Bottom Line: The mean CHLSalt-HK score among those who were aware of the public education slogan about nutrition labels and sodium intake was higher by 3.928 points (95% confidence interval: 1.742 to 6.115) than that among those who were not aware of the slogan, which supports adequate discriminant validity.The validated CHLSalt-HK had acceptable content validity, acceptable construct validity, good internal consistency, good test-retest reliability, and adequate discriminant validity.The scale could be completed in 10-15 minutes and is easy to administer compared with the collection of biomarkers or food diaries.

View Article: PubMed Central - PubMed

Affiliation: School of Nursing, The University of Hong Kong, Hong Kong, China.

ABSTRACT
Globally, sodium intake far exceeds the level recommended by the World Health Organization. Assessing health literacy related to salt consumption among older adults could guide the development of interventions that target their knowledge gaps, misconceptions, or poor dietary practices. This study aimed to develop and validate the Chinese Health Literacy Scale for Low Salt Consumption-Hong Kong population (CHLSalt-HK). Based on previous studies on salt intake and nutrition label reading in other countries, we developed similar questions that were appropriate for the Chinese population in Hong Kong. The questions covered the following eight broad areas: functional literacy (term recognition and nutrition label reading), knowledge of the salt content of foods, knowledge of the diseases related to high salt intake, knowledge of international standards, myths about salt intake, attitudes toward salt intake, salty food consumption practices, and nutrition label reading practices. Eight professionals, including doctors, nurses, and dietitians, provided feedback on the scale. The psychometric properties of the scale were assessed based on data collected from a convenience sample of 603 Chinese elderly adults recruited from Elderly Health Centres in Hong Kong. The 49-item CHLSalt-HK had a possible score range of 0 to 98, with a higher score indicating higher health literacy related to salt intake. The CHLSalt-HK had acceptable content validity; the item-level Content Validity Index ranged from 0.857 to 1.000, and the scale-level Content Validity Index was 0.994. Additionally, it had good internal consistency (Cronbach's alpha of 0.799) and good test-retest reliability (intraclass correlation coefficient of 0.846). The mean CHLSalt-HK score among those who were aware of the public education slogan about nutrition labels and sodium intake was higher by 3.928 points (95% confidence interval: 1.742 to 6.115) than that among those who were not aware of the slogan, which supports adequate discriminant validity. The validated CHLSalt-HK had acceptable content validity, acceptable construct validity, good internal consistency, good test-retest reliability, and adequate discriminant validity. The scale could be completed in 10-15 minutes and is easy to administer compared with the collection of biomarkers or food diaries. Further research should investigate its concurrent validity and predictive validity. The development of this scale supports the first step in salt intake reduction among older Chinese adults in Hong Kong by enabling the assessment of their health literacy related to salt consumption in health screenings or health assessments, and it can be used to evaluate salt reduction interventions.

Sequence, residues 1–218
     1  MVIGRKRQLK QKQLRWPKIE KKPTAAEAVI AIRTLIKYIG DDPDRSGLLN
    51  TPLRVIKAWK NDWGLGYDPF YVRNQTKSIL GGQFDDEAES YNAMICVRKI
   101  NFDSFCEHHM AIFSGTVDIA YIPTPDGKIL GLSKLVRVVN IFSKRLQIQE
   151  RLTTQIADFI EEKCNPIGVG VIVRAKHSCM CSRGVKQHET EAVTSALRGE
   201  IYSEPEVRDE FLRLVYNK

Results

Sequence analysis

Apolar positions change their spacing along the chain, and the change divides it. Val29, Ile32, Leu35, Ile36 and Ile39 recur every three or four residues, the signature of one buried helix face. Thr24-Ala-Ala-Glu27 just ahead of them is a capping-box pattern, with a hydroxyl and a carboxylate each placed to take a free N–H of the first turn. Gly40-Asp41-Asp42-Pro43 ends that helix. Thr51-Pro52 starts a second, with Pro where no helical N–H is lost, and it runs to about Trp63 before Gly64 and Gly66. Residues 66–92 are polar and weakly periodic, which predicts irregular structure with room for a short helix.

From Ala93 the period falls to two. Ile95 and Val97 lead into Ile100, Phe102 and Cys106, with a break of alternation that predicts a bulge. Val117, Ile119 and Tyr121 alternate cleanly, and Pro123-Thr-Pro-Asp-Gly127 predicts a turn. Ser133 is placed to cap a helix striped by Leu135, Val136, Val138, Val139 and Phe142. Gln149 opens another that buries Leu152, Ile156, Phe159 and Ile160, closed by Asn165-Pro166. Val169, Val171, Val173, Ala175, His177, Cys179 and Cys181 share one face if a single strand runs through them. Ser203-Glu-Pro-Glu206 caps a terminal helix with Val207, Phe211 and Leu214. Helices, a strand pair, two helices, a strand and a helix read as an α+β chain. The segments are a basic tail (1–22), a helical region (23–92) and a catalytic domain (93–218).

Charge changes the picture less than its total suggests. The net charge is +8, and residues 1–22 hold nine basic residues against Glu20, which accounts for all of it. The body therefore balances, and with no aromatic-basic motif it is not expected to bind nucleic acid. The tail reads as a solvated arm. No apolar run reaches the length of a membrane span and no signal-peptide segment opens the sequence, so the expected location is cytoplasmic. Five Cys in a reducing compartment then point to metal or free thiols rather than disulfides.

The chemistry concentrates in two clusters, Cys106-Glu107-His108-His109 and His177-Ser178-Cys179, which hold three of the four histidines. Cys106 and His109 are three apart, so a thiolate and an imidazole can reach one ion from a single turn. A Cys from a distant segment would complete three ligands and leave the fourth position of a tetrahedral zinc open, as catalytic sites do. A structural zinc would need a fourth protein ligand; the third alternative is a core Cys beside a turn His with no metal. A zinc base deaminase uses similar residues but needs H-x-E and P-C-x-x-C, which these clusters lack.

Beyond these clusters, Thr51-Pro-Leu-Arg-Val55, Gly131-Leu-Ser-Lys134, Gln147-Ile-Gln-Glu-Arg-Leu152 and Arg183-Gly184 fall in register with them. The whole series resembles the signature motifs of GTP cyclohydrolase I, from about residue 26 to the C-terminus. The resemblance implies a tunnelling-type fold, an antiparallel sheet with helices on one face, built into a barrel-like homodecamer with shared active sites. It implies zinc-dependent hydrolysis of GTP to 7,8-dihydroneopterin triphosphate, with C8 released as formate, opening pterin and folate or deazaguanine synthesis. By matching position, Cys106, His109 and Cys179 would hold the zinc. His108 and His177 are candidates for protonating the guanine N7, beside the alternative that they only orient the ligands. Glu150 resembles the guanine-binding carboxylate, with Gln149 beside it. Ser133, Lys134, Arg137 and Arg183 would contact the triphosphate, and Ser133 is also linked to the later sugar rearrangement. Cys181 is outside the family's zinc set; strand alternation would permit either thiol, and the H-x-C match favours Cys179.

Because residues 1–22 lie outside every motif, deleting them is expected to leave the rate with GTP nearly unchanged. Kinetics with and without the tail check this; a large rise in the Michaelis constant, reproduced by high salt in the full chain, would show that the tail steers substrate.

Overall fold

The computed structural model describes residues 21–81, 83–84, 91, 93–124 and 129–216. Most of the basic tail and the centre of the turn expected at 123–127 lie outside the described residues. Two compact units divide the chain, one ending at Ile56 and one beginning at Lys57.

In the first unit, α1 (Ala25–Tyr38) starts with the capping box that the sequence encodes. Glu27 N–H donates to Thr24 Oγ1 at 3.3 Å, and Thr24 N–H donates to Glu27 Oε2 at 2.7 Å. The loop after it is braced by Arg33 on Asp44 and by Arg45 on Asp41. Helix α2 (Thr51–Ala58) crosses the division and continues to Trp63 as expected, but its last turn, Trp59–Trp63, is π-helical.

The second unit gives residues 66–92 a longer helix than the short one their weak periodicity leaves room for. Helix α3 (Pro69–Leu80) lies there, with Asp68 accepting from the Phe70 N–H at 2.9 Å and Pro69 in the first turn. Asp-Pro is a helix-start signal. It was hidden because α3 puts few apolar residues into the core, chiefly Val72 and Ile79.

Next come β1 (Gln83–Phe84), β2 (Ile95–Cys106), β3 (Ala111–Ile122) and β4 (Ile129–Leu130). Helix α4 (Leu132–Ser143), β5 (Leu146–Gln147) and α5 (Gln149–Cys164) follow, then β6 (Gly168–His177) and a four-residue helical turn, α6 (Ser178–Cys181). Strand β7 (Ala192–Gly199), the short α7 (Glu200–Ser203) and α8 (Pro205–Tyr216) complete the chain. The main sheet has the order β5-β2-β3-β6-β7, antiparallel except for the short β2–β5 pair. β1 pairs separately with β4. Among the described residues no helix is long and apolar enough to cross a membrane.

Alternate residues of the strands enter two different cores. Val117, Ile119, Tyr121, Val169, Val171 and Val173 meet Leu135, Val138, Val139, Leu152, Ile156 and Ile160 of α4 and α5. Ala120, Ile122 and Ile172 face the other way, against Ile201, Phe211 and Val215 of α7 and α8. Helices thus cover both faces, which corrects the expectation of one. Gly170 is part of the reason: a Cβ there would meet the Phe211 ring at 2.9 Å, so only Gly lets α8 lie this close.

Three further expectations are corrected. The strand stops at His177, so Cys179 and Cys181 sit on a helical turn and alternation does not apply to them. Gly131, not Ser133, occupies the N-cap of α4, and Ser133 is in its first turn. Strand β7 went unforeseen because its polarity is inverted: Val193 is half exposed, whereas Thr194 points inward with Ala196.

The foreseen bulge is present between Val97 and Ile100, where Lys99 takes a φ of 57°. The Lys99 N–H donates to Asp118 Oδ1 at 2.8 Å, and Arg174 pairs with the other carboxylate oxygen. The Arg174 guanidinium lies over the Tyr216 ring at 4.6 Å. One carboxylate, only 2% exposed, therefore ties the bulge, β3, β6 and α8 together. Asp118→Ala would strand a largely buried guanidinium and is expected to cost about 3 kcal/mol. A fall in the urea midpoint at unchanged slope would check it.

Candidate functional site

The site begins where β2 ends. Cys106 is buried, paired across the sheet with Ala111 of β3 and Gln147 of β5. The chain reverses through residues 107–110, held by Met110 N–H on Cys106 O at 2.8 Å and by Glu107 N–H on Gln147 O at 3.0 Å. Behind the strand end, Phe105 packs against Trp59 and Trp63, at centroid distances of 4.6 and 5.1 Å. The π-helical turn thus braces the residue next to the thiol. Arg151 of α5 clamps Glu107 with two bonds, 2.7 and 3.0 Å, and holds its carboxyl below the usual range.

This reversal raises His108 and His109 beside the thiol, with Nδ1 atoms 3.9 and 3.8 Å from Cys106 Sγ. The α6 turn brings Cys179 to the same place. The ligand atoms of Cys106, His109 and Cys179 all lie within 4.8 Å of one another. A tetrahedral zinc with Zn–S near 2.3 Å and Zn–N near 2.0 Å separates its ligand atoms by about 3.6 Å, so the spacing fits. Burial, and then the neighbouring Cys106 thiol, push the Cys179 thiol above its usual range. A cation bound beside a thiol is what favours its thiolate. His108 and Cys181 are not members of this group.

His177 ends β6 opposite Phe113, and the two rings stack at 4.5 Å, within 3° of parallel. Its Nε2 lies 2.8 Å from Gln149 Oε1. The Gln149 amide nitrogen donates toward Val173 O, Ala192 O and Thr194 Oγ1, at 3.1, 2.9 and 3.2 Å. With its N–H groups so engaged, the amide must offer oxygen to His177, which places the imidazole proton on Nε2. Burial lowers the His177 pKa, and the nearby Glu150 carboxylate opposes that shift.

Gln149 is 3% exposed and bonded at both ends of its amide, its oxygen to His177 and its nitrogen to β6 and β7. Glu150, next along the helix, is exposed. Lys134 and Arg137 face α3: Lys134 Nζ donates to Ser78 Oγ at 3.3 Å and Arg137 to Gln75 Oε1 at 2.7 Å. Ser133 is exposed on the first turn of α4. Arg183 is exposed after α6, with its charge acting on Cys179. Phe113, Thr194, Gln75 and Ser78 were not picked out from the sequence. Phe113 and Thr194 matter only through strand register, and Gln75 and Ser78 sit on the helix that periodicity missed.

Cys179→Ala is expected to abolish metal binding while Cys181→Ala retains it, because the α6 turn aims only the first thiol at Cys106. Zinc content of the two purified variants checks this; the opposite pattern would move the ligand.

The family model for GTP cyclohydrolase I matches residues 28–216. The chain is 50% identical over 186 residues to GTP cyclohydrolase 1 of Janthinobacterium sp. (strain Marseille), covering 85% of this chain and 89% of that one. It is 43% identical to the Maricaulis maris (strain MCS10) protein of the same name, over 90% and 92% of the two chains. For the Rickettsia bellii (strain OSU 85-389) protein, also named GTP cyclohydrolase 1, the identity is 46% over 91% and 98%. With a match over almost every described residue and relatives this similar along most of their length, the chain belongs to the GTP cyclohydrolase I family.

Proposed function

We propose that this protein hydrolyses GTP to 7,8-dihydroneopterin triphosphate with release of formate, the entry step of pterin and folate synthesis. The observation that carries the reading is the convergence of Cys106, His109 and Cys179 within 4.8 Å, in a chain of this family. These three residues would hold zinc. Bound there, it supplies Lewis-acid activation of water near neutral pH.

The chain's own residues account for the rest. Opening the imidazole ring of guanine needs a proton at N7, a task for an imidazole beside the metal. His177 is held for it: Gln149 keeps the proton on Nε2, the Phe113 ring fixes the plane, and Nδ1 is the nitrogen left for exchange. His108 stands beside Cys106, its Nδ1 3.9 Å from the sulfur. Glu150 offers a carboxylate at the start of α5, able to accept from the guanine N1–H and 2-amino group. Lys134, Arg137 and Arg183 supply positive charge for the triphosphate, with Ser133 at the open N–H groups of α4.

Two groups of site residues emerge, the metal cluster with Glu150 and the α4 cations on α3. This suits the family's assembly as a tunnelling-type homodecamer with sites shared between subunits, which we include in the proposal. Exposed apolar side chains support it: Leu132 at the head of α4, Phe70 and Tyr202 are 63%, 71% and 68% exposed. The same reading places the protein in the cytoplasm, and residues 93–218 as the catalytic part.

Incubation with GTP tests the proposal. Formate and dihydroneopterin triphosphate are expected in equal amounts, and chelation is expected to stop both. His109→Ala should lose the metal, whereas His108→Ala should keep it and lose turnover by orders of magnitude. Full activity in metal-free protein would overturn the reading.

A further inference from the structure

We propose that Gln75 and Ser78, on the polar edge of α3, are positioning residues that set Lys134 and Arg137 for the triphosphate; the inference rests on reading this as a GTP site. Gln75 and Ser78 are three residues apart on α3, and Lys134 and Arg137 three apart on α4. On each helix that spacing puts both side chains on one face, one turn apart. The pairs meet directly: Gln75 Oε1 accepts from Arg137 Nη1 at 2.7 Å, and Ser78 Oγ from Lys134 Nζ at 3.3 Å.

No MeSH data available.